The old industrial district of Holešovice in Prague 7 has undergone something of a revival in recent years, a change perhaps best exemplified by the opening last weekend of an ambitious new art gallery on the site of a late 19th century factory in the area. At 3000 square metres, Dox is far and away the biggest privately-owned gallery in the Czech Republic.
Josef Sudek was one of the most important Czech photographers of the last century. Whatever he turned his camera to - be it Prague’s monumental St. Vitus’ Cathedral, or his own lowly studio window – exploded with light upon being snapped. He enjoyed critical acclaim throughout his life, and after his death in 1976 public interest in his work has remained immense. His former studio, in Prague’s Malá Strana, has been rebuilt in his honour. The space, which now exhibits young Czech photographers’ works, is run in part by Miloslav Saňko:
Regular listeners to Radio Prague may remember us reporting on Bohemians 1905, the venerable football club that would have gone bust had it not been for its loyal fans who held a collection to save their beloved "Kangaroos", as the team has been known since they went on a famous tour of Australia in the 1920s. Now, a new documentary has been released which celebrates the quirky life of some of these dedicated Bohemians fans.
If you go down to the woods today, you’re sure of a big surprise… A walk around Prague’s scenic Císařský Ostrov will lead you to a gigantic replica Trojan horse, made and inhabited by Czech sculptor Ivan Nacvalač. The horse is home to a gallery, and since it opened in July, the site has played host to a number of impromptu concerts, and a summer full of barbecues open to all. I paid it a visit and asked Mr Nacvalač how it came about:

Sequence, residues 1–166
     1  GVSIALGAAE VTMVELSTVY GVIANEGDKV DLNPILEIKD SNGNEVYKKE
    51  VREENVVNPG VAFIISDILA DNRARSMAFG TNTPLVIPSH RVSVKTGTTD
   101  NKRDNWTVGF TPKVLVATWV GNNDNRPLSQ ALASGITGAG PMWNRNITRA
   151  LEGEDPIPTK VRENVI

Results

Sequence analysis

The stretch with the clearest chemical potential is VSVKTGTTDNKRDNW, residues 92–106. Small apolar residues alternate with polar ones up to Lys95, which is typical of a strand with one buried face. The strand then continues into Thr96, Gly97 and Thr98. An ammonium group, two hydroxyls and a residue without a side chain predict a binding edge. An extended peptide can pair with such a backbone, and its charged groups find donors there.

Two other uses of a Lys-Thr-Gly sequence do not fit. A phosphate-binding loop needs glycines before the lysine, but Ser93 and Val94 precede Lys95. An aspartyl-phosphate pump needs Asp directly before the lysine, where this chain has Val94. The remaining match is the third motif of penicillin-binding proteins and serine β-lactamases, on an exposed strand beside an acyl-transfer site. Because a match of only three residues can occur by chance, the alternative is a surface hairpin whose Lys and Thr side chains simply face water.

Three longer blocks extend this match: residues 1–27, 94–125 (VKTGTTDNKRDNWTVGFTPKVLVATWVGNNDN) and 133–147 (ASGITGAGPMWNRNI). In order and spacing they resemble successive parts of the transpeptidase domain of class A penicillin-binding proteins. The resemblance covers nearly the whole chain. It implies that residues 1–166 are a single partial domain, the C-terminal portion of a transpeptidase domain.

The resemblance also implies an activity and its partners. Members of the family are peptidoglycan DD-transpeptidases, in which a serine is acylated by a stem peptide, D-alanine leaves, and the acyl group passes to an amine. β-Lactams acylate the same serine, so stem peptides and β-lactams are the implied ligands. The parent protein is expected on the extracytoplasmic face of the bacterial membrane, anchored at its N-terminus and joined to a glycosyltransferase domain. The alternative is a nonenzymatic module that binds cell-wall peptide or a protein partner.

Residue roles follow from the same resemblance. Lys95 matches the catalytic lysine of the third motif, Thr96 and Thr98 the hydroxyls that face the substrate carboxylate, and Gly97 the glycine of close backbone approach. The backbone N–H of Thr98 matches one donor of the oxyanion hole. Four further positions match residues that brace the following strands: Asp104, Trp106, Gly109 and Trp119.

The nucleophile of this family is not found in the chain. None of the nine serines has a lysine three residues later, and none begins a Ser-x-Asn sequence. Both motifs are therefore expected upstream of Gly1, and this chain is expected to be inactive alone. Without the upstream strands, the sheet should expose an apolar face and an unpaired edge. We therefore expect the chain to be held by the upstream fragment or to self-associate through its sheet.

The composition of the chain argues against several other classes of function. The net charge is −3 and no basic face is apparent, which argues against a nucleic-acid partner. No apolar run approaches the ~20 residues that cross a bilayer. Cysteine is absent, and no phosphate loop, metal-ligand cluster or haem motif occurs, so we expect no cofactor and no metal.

The minimalist composer and conductor Petr Kotík has led the S.E.M Ensemble since soon after he arrived in the United States at the very end of the 1960s. In this, the second of two editions of the Arts dedicated to the Prague-born musician, he explains why he considers his hometown a musical “garbage heap” and lauds Ostrava, the city where he established an institute and festival dedicated to new music.
This song might sound like something out of a Western, but it is every bit as Czech as Dvořák or Smetana. 'Sbohem kapitáne můj' is one of the hundreds of melodies to form part of the Czech tramping songbook. Such songs have, for the last 90 years, been providing the soundtrack to a particularly Czech pastime – tramping. To an untrained eye, tramping consists of weekends spent living rough in the forest, and weekdays meeting with kindred spirits and singing in the pub. But to those initiated, tramping means much more – it's a way of life. At a fortnightly
The Czech national beverage is unquestionably beer but, more and more Czechs are taking a fancy to quite a different liquid – tea. Not only does the Czech Republic have the highest number of tea rooms per person in Europe; Czechs have recently become the first Europeans to join the prestigious World Tea Union, an association joining tea experts from all over the world.
The activities of Czechoslovak armed units on the side of the Allied powers during World War I helped Czechs and Slovaks win consent to form their own state when the conflict ended in 1918. The legions that had been fighting in Russia, however, became embroiled in that country’s civil war, and didn’t get home until two years later. Their fascinating story is the subject of a new exhibition in Prague.